Plastic model of a brain, interior view
30 September 2019
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A team of researchers from the Royal Melbourne Hospital, the Florey Institute of Neuroscience and Mental Health, the Walter and Eliza Hall Institute of Medical Research and Massachusetts General Hospital (United States) are working to understand factors that contribute to dementia. 

The Healthy Brain Project is following middle-aged adults, aged 40-70 years old, with a family history of dementia over a long period of time to determine what combinations of genetic and environmental factors put people at risk of dementia, and what factors are protective against it.

So far, 6845 Australians have signed up to the study, which involves an initial online survey and a saliva sample for genetic testing. The survey is repeated every year. Participants can also choose to sign up to various sub-studies.

Alzheimer’s disease is caused by the build-up of amyloid plaques and tau “tangles” in the brain – these proteins are key diagnostic markers of Alzheimer’s disease. Both tau and amyloid can block messages between brain cells, causing cognitive impairment.

The Royal Melbourne Hospital’s Associate Professor Nawaf Yassi, one of the lead researchers on the Healthy Brain Project, says that while we know that amyloid and tau are critical factors in Alzheimer’s disease, there is much that is not yet clear.

“There have been drugs developed that have been very effective in clearing amyloid from the brain, but they haven’t yet been shown to affect people’s memory and cognition” A/Prof Yassi said.

“One of the reasons is that they have potentially been trialled too late in the disease process, when people are already displaying symptoms. There’s very strong evidence now that the abnormal proteins that lead to Alzheimer’s disease first start accumulating up to 30 years before symptoms begin, so the problem is if we try to intervene when people have symptoms, often it’s too late.”

“This is why The Healthy Brain Project is interested in the very early stages of Alzheimer’s disease - if we can understand the disease very early and then try to intervene very early, we have the best chance of reducing the impact of dementia later in life.”

Researchers around the world have also started to investigate the impact of other factors on Alzheimer’s disease. A/Prof Yassi said that while amyloid and tau accumulation are crucial markers of Alzheimer’s disease, the Healthy Brain Project is also seeking to study other crucial risk factors such as genes, diabetes, sleep, mood, high blood pressure, and other cardiovascular risk factors.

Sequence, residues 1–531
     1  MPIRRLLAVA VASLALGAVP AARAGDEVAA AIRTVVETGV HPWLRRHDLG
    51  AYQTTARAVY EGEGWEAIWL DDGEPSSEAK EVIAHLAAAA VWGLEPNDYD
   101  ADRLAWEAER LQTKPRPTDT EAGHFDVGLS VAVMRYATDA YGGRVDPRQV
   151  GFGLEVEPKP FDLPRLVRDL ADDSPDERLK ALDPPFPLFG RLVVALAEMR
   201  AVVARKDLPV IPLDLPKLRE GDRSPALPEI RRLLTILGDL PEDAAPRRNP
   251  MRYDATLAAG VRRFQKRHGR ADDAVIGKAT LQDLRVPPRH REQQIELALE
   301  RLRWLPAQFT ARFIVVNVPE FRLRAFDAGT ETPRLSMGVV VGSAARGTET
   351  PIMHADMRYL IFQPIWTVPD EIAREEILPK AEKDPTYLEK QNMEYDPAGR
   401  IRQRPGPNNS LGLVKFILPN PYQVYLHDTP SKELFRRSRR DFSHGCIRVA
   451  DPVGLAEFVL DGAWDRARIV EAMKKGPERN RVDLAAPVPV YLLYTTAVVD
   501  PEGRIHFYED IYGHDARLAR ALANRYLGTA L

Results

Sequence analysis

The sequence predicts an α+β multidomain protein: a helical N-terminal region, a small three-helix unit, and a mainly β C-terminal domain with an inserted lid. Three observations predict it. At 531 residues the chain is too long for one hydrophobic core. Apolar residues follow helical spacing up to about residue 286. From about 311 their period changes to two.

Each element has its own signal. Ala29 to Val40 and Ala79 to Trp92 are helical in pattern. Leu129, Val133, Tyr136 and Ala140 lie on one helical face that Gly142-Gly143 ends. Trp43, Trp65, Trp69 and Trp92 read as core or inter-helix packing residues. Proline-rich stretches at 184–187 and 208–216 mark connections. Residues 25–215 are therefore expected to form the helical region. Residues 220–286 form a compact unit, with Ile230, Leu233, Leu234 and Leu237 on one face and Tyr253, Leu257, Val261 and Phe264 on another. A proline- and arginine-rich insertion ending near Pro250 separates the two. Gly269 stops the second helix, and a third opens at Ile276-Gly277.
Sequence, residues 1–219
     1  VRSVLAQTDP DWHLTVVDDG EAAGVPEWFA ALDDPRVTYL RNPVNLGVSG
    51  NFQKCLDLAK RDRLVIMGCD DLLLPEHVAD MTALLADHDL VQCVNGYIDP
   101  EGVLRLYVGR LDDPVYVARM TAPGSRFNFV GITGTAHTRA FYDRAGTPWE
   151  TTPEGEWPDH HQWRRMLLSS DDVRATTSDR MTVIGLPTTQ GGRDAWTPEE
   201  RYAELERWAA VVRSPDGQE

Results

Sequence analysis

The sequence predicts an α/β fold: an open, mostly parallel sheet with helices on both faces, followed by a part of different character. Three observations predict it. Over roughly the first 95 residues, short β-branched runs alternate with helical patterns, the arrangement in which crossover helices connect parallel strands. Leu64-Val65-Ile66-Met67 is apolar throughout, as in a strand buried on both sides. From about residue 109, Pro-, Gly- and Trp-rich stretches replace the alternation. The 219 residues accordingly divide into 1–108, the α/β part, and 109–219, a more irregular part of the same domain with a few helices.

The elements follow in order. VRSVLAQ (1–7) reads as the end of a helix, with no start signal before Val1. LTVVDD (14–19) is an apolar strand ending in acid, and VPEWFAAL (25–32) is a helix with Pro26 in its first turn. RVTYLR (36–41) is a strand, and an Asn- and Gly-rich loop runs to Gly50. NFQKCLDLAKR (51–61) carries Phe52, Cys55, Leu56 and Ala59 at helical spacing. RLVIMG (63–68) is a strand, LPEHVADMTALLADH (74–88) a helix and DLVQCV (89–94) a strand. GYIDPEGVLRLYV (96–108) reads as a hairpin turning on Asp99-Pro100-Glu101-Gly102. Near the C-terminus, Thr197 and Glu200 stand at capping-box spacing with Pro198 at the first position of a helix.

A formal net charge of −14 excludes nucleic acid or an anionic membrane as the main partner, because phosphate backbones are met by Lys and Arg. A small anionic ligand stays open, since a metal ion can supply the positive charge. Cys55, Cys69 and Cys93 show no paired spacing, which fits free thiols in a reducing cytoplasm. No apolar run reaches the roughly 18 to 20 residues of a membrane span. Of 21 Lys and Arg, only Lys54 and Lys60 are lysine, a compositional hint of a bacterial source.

“There are clearly other risk factors we have to target. This may include other proteins, such as the protein that’s involved in the development of Parkinson’s disease, or diseases of the blood vessels, sleep disorders, mood, exercise, diet and environmental risk factors.” A/Prof Yassi said.

One of the Healthy Brain Project sub-studies is the biomarker study, which invites people who have completed the initial Healthy Brain Project online survey to complete tests in person at the Hospital. These tests include memory assessments, blood tests, MRI scans and lumbar punctures, and an at-home sleep study.

“While the online platform can give us the earliest indication of what’s happening with memory, the biomarker cohort will help us really understand the biological changes at the very early stages to see how they are changing very early in the disease process,” A/Prof Yassi said.

The Healthy Brain Project is looking to recruit 200 participants for the biomarker sub-study, and A/Prof Yassi said the interest so far has been “incredible”.

“We have had some very generous participants come from Perth, from Queensland – all over Australia – for our biomarker study and it’s incredible the level of engagement our participants have,” A/Prof Yassi said.

“People are just altruistic at heart and they really want to help out – it’s just amazing.”

The researchers are aiming for 10,000 participants overall, based around Australia, to participate in the Healthy Brain Project. If you are aged between 40-70 years of age, with a family history of dementia and a stable internet connection, join now at

The Healthy Brain Project is generously supported through funding from the National Health and Medical Research Council, the Australian Research Council, the Alzheimer’s Association International Research Grant Program, the Dementia Australia Research Foundation, the Yulgilbar Alzheimer’s Research Program, the Charleston Conference on Alzheimer’s disease, The National Heart Foundation of Australia, the University of Melbourne, and the Bethlehem Griffiths Research Foundation.

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